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>> that's true. people really don't know what's in their health insurance plan as long as they're healthy. the people who know everything about their health insurance plan are people who have gotten really sick and needed a lot of care. unfortunately, people who have bought on the individual market up until now have oftentimes, without realizing it, bought really terrible plans and only found out that was the case when it was too late. >> well said. well president obama hit back at the criticism today. let's listen to the president. >> for the fewer than 5% of americans who buy insurance on your own,ly be getting a better deal. so anyone peddling the notion that insurers are canceling
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people's plan without mentioning that almost all the insurers are encouraging people to join better plans with the same carrier with stronger protection, others will be able to get protection with new carriers through the marketplace and that many will get new help to pay for these plans and make them cheaper. if you leave that stuff out, you're being grossly misleading to say the least. >> congressman, when winter comes, you like to have a heater. when your heater breaks you get it fixed. you don't say you don't like heaters. they're offering a program called no heaters, and winter's coming. it seems they get away with crazy talk. they haven't had, nixon was pretty much known for pushing an employer mandate. they don't think about how many, they don't walk up to the constituents and say -- and they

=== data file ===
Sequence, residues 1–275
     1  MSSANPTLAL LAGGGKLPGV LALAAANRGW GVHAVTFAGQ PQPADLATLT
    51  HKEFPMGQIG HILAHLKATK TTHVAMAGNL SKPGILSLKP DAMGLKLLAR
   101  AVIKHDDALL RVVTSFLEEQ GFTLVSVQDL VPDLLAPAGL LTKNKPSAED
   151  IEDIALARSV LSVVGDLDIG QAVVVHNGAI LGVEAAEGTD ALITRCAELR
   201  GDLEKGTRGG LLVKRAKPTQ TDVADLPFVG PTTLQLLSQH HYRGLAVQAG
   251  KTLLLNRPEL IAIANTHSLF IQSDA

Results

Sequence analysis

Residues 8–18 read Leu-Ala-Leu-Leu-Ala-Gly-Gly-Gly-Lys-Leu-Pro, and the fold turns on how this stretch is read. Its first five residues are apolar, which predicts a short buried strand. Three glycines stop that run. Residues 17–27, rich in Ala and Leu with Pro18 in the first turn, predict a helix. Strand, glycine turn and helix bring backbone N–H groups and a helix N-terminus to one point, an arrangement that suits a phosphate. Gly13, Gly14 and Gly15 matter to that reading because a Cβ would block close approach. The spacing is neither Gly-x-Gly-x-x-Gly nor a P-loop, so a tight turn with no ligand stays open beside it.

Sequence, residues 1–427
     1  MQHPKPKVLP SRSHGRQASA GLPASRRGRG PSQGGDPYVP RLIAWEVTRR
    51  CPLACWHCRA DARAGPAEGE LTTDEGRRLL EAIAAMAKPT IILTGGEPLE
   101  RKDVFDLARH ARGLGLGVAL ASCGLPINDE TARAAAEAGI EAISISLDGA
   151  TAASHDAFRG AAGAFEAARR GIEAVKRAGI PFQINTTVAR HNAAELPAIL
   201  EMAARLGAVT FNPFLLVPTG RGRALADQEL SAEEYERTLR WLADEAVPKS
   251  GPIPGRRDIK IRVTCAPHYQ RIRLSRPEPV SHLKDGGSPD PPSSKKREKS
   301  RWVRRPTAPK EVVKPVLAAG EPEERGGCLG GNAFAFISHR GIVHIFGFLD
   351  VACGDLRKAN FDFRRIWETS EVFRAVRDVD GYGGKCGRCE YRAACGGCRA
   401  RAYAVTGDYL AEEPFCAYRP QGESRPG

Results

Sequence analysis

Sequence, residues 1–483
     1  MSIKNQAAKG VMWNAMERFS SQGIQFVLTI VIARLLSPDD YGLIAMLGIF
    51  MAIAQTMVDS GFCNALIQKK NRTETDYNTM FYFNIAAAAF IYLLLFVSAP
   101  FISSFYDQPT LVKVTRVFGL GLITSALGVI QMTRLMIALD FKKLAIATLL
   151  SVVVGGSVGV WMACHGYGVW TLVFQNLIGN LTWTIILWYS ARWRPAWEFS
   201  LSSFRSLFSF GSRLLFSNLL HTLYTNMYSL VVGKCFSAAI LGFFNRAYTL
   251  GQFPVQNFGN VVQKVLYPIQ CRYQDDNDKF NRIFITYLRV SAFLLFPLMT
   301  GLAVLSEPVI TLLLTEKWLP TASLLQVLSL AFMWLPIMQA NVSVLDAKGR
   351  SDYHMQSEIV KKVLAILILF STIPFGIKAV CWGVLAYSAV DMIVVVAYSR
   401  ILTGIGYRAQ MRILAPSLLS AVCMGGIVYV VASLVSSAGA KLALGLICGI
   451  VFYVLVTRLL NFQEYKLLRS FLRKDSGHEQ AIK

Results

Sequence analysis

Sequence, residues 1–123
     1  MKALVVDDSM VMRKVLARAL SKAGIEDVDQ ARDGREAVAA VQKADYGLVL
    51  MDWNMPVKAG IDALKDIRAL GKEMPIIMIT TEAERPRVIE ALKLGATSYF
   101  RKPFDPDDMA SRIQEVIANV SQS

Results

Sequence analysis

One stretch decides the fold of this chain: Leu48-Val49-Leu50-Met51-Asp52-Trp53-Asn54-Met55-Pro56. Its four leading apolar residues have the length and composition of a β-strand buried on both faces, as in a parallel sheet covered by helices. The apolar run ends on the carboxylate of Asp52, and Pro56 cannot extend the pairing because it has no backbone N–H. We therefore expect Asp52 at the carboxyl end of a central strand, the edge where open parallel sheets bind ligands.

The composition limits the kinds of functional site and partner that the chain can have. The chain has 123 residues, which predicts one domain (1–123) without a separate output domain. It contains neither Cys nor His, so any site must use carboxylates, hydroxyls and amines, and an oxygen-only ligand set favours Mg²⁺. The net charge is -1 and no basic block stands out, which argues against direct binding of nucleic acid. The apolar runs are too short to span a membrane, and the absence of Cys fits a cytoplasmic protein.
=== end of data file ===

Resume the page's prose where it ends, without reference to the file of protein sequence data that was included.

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don't have any plan at all. >> i think a lot of them, if they're the tea party right wing just don't believe the government should assist or help in any way with your health insurance. and that's an ideological point of view which i don't share and i don't think most americans share. that's one group. but the group that are scaring people and giving the impression that somehow you shouldn't participate in this program, you know, they're not being fair, because they don't have an alternative. and, again, i can't stress enough, you know, this is private insurance in a competitive market. the federal government, you know, can't force an insurance company to sell a lousy plan that nobody's going to buy. that's why they're canceling these lousy plans. because if they're competitive, if they can't sell it, they can't make any money. it's capitalism at its best. and there's no socialist ideology here.